Spindle cell is a descriptive term for cancers that develop from cells that are narrower at the ends than in the center, explains Mayo Clinic. Spindle cell carcinomas occur in the epthelial tissue, while sarcomas occur in mesodermal tissue, according to Baylor Scott and White Health. Examples of spindle cell carcinomas include certain types of gastrointestinal, breast and skin cancers.
Physicians use a cancer's cell type to determine the best course of treatment and to estimate the cancer's prognosis, according to Mayo Clinic. For example, spindle cell melanoma is a rare subtype of skin cancer that is aggressive and tends to recur even with treatment, as stated by the Skin Cancer Foundation. Spindle cell melanoma does not often spread to other parts of the body, but it can cause death depending on its location and the depth of the tumor. It is most often diagnosed among elderly men and is typically found in the head and neck. Spindle cell melanoma tends to have more symptoms than other types of skin cancer because the tumors can involve nerves.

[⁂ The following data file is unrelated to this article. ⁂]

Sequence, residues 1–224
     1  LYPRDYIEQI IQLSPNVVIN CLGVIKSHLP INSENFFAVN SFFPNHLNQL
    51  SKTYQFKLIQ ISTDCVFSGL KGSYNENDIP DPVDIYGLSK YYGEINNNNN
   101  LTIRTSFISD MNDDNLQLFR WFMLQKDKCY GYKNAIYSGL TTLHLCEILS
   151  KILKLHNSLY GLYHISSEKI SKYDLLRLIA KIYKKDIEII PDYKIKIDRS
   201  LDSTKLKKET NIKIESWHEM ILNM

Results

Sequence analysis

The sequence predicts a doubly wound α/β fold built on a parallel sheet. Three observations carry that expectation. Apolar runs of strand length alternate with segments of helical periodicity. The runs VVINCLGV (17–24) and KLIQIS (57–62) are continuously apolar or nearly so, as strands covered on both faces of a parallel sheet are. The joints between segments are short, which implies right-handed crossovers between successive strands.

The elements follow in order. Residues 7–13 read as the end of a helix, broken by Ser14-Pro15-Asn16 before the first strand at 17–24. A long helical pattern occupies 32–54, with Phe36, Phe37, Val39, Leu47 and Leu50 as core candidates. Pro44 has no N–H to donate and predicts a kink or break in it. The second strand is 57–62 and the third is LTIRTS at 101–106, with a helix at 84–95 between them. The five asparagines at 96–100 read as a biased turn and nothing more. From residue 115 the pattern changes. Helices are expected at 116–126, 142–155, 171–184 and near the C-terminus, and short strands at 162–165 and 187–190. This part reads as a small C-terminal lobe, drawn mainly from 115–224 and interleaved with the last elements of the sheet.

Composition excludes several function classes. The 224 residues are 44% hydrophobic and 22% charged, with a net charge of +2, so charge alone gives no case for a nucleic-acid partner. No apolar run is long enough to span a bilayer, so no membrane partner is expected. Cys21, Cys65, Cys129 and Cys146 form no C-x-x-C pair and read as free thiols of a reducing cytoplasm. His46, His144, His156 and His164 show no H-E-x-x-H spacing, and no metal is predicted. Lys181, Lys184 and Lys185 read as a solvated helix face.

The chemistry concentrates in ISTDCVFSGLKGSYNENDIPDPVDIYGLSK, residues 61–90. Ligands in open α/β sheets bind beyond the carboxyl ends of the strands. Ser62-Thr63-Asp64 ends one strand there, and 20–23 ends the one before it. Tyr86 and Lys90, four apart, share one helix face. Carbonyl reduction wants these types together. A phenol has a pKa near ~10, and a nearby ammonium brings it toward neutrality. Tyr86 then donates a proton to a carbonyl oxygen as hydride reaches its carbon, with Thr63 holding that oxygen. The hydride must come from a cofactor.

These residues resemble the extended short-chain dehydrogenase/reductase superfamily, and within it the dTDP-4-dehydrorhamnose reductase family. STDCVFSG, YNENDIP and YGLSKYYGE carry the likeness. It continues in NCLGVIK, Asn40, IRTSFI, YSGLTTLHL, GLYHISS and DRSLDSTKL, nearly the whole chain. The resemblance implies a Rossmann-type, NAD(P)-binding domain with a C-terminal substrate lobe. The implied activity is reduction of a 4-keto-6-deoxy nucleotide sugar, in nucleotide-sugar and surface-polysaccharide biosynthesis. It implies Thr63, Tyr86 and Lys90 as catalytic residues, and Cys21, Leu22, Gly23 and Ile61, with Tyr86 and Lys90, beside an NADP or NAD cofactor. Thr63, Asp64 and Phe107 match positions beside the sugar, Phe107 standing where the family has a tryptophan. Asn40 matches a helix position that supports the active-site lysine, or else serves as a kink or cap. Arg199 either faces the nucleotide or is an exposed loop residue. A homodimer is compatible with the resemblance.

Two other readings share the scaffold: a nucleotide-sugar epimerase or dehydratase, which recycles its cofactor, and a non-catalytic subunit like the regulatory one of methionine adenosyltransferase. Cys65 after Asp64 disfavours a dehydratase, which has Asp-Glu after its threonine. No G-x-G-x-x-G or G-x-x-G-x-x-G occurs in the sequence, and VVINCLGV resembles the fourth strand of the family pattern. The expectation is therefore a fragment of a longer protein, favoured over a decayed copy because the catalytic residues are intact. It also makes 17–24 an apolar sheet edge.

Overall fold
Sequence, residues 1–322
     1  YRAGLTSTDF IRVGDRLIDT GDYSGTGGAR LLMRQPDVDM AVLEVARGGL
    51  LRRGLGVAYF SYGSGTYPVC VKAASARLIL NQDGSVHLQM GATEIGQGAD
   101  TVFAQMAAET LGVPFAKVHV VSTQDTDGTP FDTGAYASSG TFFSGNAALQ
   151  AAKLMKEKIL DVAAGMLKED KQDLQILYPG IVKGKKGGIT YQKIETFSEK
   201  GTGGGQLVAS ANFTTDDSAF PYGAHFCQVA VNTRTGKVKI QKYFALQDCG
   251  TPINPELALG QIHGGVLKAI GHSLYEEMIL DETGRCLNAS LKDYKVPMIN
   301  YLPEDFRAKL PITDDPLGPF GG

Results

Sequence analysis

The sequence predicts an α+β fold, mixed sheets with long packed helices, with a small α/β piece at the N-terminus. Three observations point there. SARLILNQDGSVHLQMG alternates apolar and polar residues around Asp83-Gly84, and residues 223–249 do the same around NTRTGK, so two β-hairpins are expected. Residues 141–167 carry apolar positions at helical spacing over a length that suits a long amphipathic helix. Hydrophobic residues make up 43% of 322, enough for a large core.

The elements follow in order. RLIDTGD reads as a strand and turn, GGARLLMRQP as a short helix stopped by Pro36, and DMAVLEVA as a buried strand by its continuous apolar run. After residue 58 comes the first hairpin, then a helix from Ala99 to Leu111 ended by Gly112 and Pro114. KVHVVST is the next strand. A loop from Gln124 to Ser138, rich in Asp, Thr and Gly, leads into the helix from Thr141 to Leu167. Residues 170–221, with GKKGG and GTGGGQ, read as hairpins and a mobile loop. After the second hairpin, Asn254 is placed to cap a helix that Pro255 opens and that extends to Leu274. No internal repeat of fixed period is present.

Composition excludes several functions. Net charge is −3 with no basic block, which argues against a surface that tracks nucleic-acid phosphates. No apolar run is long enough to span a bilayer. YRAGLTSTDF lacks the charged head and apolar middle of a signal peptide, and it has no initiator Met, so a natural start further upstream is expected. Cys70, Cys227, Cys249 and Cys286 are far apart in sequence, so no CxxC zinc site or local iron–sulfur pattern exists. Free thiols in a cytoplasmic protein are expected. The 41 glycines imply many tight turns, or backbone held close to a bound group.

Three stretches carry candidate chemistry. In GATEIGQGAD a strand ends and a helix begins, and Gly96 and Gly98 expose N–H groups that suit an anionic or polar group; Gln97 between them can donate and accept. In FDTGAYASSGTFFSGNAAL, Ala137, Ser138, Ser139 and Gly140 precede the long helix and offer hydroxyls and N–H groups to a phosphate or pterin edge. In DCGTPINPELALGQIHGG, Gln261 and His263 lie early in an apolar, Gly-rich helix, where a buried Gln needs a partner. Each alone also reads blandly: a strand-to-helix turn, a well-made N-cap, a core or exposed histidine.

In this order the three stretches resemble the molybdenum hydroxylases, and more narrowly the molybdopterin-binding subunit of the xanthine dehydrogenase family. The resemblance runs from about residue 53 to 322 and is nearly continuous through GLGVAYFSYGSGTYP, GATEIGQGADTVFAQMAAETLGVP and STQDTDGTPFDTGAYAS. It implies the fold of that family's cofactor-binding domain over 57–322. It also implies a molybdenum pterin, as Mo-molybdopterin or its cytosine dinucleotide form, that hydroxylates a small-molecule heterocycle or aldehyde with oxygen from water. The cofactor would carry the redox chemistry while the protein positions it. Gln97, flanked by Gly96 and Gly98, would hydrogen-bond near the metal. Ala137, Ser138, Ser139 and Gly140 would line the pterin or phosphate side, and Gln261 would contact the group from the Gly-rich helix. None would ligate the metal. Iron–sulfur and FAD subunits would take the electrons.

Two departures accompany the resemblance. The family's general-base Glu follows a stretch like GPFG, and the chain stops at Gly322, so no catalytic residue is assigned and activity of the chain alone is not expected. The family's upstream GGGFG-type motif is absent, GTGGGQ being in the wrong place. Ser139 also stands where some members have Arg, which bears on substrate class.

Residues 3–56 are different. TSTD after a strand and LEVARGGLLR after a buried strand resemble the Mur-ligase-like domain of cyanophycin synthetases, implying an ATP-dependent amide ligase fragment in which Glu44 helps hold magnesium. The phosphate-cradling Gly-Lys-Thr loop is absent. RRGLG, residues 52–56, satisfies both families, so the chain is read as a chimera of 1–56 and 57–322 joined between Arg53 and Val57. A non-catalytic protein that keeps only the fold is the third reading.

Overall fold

Spindle cell carcinoma is also a type of metaplastic breast cancer, notes the American Cancer Society. While it is generally treated like other types of infiltrating ductal carcinoma, patients with spindle cell breast cancer may have worse outcomes.